Harvard Law School Makes Online Zero-L Course Free for All U.S. Law Schools Due to Coronavirus
For Kennedy School Fellows, Epstein-Linked Donors Present a Moral Dilemma
Tenants Grapple with High Rents and Local Turnover at Asana-Owned Properties
In April, Theft Surged as Cambridge Residents Stayed at Home
The History of Harvard's Commencement, Explained
Roberta A. Kaplan ’88 will speak at Harvard Law School’s Class Day on May 29, the school announced Thursday.
Kaplan, who graduated from the College with a degree in History and Literature, is known for successfully representing Edith Windsor in the Supreme Court case United States v. Windsor in 2013. The case deemed Section 3 of the Defense of Marriage Act, which defined marriage as only between man and woman, unconstitutional. Same-sex marriage was ultimately legalized two years later.
Kaplan wrote in an email that it is “an enormous honor” to speak at Class Day.
“It’s obviously an enormous honor. And I have to admit that it’s also more than a little surreal,” Kaplan wrote.
Kaplan earned her J.D. from Columbia in 1991, where she currently teaches a seminar on Advanced Civil Procedure. She is also a founding partner at law firm Kaplan, Hecker & Fink, which specializes in “fusing high-stakes litigation with a groundbreaking public interest practice,” according to its website.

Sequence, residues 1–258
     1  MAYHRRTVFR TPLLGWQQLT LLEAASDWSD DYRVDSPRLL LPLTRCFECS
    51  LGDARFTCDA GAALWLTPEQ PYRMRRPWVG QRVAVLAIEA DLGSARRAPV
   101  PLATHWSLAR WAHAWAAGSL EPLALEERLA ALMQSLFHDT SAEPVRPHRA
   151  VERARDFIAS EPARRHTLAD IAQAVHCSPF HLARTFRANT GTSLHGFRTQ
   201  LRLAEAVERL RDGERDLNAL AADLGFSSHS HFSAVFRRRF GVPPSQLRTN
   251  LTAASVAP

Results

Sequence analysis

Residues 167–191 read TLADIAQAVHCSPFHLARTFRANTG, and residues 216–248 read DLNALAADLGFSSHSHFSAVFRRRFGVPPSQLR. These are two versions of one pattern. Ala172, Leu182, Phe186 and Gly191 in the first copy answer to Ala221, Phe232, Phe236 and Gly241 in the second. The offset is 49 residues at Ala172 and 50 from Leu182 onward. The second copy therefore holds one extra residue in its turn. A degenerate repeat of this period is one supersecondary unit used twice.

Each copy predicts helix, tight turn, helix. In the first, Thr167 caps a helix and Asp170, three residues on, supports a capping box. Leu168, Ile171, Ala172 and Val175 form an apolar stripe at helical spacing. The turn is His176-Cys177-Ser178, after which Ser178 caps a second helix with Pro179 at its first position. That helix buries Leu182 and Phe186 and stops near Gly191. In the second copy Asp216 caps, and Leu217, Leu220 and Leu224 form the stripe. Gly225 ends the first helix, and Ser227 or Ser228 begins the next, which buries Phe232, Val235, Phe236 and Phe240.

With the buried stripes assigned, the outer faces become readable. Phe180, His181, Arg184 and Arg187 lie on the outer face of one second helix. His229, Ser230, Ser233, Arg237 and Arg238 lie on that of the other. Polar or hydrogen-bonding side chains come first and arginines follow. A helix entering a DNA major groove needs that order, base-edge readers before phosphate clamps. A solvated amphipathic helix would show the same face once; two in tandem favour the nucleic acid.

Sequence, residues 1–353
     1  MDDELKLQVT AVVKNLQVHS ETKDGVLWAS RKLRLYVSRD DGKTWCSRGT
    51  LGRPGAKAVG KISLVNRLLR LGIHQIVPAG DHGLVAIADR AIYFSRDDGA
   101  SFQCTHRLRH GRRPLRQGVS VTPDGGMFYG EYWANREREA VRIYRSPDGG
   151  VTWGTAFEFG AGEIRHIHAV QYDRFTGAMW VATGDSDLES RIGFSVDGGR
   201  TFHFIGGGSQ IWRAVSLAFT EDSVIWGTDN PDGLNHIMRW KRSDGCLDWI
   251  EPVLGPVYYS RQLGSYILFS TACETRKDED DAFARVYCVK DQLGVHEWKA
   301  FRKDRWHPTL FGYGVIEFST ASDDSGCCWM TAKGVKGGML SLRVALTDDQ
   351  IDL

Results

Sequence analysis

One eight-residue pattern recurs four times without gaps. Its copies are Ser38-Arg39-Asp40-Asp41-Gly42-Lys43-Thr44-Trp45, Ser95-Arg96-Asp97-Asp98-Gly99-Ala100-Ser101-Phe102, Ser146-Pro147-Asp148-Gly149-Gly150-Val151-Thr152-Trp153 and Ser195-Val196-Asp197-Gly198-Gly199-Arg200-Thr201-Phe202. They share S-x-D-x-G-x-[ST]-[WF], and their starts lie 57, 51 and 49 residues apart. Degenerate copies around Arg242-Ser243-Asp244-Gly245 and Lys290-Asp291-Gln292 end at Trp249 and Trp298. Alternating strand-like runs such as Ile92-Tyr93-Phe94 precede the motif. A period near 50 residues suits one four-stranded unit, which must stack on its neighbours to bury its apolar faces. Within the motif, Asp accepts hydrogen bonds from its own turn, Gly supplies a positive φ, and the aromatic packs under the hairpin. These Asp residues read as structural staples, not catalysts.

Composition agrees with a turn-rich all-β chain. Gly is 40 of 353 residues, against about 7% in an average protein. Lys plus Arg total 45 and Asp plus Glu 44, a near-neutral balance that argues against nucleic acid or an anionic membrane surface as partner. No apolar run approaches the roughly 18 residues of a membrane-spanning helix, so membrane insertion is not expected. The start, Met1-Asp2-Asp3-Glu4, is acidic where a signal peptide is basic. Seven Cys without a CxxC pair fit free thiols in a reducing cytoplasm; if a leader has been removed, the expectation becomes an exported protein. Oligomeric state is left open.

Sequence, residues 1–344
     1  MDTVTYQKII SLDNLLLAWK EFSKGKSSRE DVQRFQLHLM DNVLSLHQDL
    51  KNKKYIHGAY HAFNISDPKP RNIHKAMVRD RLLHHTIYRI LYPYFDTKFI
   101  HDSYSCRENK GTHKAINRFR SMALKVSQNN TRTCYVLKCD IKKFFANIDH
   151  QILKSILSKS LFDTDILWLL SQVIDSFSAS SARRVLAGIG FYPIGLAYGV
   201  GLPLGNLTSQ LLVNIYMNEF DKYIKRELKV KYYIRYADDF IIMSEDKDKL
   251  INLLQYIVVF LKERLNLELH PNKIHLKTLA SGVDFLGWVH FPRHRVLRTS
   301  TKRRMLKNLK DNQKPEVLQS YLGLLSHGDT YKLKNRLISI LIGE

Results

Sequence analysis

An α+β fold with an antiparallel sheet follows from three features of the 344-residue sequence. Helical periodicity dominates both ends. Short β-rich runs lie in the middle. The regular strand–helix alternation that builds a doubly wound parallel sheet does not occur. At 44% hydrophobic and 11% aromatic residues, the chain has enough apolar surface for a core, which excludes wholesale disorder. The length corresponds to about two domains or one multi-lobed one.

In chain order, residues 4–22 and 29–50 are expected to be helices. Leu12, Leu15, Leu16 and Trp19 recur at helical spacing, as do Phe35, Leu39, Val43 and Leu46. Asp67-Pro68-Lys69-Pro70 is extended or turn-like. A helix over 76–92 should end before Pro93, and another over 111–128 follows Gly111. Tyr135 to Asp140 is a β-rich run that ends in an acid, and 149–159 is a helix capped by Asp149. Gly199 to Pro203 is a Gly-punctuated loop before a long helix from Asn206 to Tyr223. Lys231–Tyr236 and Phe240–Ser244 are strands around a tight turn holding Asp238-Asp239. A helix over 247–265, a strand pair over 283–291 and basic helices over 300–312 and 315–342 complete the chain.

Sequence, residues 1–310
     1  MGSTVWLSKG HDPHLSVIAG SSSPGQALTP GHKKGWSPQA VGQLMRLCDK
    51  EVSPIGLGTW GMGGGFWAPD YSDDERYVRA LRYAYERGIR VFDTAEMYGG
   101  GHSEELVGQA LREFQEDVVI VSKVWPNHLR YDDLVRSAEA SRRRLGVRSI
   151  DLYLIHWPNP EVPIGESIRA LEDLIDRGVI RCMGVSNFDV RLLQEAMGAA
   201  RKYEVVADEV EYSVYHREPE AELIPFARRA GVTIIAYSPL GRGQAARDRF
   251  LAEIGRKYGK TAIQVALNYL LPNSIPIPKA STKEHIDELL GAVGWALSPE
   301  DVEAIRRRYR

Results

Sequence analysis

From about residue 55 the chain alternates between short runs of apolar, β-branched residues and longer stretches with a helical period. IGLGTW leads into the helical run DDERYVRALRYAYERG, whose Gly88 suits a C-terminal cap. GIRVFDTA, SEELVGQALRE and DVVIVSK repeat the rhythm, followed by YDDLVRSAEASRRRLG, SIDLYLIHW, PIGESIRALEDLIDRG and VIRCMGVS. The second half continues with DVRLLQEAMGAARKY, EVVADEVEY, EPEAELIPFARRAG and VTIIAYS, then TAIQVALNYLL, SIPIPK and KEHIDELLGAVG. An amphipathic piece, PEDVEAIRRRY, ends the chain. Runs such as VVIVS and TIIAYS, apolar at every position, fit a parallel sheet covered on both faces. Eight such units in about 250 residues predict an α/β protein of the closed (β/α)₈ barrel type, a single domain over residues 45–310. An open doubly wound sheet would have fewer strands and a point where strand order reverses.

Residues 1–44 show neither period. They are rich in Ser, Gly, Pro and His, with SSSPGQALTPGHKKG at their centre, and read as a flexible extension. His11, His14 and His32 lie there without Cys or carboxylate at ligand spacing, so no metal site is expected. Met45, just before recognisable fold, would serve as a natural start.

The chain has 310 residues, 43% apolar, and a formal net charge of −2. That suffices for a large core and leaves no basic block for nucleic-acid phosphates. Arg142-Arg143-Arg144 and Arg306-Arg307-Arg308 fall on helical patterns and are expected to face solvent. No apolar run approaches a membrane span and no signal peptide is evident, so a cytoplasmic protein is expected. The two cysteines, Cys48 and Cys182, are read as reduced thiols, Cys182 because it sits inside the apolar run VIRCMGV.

Kaplan is the author of the book, "Then Comes Marriage," which tells the story of the case and its ruling. The Los Angeles Times picked it as one of the best books of 2015.
She also co-founded the Time’s Up Legal Defense Fund, according to the school’s announcement. A division of the National Women’s Law Center, the fund helps “connect women who experience workplace sexual harassment and retaliation with attorneys and, in some cases, media specialists,” according to NWLC’s website.
Kaplan has received honors and awards for her legal work, such as the “Most Innovative Lawyer of The Year” award given by The Financial Times.
Kaplan wrote she hopes to highlight the importance of democracy and upholding legal principles during her address.
“We live at a time when enforcing the law is arguably more important than ever before in our nation’s history. And that, of course, requires lawyers to bring cases, defend rights, and stand up for fundamental norms and principles of our constitutional democracy,” she wrote. “I hope to convince the graduating 3Ls that we need each and every one of them to be part of this critical endeavor. And that they can and should commit to doing this regardless of whether they go to work for a not-for-profit, the government, or a private law firm.”
—Staff writer Connor W. K. Brown can be reached at firstname.lastname@example.org. Follow him on Twitter @ConnorWKBrown.
Want to keep up with breaking news? Subscribe to our email newsletter.